Saturday, February 9, 2013

The Lessons Never End

Last night was my Uncle Steve's 50th birthday party. We made it there a little late - we had to get Luke home from school, feed him dinner, and change his (and our) clothes first. We were home for about an hour before we hit the road for the party.

We arrived - I'll admit, super excited not just to see everyone and share updates from my prenatal appointment earlier in the day - but to eat barbecue prepared by my Uncle Charlie. Oh y'all... SO GOOD. 

But I digress. We approached the door, and Luke reacted in a very un-Luke way: he stopped in his tracks. We led him into the room that was not too crowded, but also decidedly not his living room or a scene he knew, and Luke melted into a puddle of tears. The next five minutes were a whirlwind of hellos, hugs, and concerns. "What's wrong with Luke?" "Luke, do you want to sit in my lap and play with my phone?" "Do you think he wants to go for a walk outside?" And finally, "Lisa, why don't you sit down and eat?" 

Before I knew it, Luke was walking outside with Grand. Soon my mom was asking for my car keys - Luke wanted in the car. Luke spent the rest of the time in his carseat, first with Grand in the car, and later with his Daddy. Within five minutes, tops, we surrendered. Poor Jeremy spent the time relegated to the car (he did at least get to eat awesome barbecue) with a quickly-appeased Luke. I stayed behind to visit with people and make our appearance before we headed home just over an hour later.

We hadn't been driving long before it hit me like a ton of bricks: We mis-played the situation, big time. Granted, it all happened quickly, and no one had anything but good intentions to make Luke more comfortable. BUT... Hang on... I'm going to get to a point, but it will take a bit.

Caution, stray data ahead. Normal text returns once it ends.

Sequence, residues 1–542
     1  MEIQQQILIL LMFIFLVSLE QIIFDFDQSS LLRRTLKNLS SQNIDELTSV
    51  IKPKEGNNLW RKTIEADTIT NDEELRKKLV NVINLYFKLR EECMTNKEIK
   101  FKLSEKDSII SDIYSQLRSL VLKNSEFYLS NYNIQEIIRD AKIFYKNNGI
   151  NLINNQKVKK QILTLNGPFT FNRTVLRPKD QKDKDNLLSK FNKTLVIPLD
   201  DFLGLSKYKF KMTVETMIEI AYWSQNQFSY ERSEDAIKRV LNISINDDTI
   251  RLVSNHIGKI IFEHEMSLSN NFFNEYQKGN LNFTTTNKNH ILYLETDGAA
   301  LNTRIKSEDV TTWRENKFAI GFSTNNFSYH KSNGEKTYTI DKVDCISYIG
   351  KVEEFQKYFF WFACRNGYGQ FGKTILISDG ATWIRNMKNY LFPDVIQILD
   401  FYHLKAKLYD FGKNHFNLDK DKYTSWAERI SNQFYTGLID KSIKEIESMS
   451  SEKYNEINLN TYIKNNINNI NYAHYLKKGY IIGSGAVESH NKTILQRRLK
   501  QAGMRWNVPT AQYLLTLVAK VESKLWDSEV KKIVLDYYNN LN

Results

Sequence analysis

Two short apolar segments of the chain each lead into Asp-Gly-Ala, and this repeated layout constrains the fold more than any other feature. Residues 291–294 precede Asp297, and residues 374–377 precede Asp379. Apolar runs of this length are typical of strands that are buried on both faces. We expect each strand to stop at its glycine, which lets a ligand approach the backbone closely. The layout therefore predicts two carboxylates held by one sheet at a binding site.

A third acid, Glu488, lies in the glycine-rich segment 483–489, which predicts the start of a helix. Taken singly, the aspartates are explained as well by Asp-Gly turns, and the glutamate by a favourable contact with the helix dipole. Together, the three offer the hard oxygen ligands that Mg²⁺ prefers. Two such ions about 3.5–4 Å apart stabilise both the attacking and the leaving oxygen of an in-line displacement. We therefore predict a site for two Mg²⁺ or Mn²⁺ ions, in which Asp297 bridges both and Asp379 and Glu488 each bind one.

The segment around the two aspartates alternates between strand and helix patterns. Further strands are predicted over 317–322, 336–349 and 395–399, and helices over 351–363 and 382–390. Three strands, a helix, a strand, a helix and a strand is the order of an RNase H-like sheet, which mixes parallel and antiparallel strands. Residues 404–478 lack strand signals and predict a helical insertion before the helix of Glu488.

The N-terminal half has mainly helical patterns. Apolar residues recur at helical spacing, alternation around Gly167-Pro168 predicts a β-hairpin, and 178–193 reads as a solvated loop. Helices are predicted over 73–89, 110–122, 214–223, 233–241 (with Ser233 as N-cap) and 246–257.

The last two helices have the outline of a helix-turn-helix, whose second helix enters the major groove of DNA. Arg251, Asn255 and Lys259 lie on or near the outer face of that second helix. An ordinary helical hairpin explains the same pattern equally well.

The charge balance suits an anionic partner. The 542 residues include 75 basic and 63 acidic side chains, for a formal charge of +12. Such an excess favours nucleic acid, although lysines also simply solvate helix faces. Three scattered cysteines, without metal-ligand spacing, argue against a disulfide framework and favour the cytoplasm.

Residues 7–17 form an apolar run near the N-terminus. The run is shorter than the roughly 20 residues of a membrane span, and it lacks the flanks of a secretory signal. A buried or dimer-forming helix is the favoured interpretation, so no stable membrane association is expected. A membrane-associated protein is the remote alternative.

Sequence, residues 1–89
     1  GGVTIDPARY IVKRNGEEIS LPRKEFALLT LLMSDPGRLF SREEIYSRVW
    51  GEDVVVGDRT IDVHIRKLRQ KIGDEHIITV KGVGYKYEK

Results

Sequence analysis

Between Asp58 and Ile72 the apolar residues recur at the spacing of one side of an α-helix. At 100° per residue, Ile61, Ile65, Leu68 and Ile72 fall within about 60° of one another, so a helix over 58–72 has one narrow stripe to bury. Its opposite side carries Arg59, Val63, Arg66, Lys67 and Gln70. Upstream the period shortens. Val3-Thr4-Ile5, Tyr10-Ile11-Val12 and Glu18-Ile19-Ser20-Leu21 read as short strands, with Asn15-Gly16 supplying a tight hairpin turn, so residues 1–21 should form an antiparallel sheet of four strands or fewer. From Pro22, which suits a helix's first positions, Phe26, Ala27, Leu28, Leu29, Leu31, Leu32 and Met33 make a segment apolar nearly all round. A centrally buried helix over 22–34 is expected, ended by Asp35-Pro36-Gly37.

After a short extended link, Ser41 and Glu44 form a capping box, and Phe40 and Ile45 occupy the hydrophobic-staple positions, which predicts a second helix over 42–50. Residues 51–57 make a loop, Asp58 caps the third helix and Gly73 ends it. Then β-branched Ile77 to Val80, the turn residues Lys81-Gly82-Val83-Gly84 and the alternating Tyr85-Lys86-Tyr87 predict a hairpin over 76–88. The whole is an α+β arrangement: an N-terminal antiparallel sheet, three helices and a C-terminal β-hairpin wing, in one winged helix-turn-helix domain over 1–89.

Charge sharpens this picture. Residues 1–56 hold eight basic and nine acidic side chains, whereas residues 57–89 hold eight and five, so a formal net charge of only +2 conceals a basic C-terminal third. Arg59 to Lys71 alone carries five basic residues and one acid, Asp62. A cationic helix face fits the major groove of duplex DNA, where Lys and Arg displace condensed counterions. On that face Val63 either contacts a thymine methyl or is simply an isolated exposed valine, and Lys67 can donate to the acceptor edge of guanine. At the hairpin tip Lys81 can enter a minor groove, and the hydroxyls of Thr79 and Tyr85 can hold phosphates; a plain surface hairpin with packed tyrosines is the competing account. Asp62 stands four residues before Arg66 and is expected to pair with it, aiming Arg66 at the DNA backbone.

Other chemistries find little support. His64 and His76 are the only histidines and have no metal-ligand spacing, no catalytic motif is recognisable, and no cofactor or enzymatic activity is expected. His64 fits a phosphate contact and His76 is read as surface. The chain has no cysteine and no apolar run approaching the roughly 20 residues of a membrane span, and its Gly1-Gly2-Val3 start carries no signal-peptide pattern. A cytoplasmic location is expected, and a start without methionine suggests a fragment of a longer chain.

It's been almost 2.5 years since Luke was diagnosed with autism. I've written before about the up-and-down experience it is. It seems that just when you hit a stride, that you feel like you have the hang of things, something happens that reminds you: You have so much left to learn. 

I think we have been in a honeymoon period lately. Luke has adjusted to his new school and schedule so well, and we've seen so much growth from him. But even with his great progress, I think we're still too quick to let "the big A" call the shots. One of Luke's cousins was also at the part and also not a very happy camper... but she stayed. Her parents had her fight through it, tears and all, because that's life. They weren't mean for doing it. They were her teachers, providing her a lovingly stern learning opportunity: sometimes, we have to do things we don't like. But we have to put on a brave face and tough it out.

Jeremy and I talked on the ride home that while there are lots of things that make Luke different because of autism, he is still a kid. He is still a kid who wants his way, and we are still parents whose job it is, in a caring way, to let him know that he can't always win, and that he must handle that with grace. Granted, he is a kid whose diagnosis makes navigating the world and its social events more challenging... but he can't overcome those challenges without practice. At the end of a looooong week for the whole family, we were probably a bit too quick to choose the path of least resistance and let Luke's grumpies call the shots. And because of that, we missed some quality time with our family and friends. They missed getting to see Luke (even if he wasn't his most charming self). In most ways, how the night went isn't a big deal at all. But in small but important ways, it calls to my attention that when we're in a similar situation again, we've got to make a better effort, for everyone's sakes.

If you're a family member reading this, you may be thinking I'm making a way bigger deal of this than necessary. And I promise Jeremy and I aren't at home flogging ourselves right now about this! =D For whatever reason, I just needed to write and make sense of it this morning: to reflect on the lesson in hopes that next time we're in a frenzied situation, I'll be better able to navigate it for the betterment of my favorite little boy. Because you know what? Quirks and all, he is pretty fan-freaking-tastic, with his cookie-eating self. :) 
(Random observation to lighten this post up: if you watch Modern Family, I ask you: is it just me, or does he look like a young Luke Dunphee here?)

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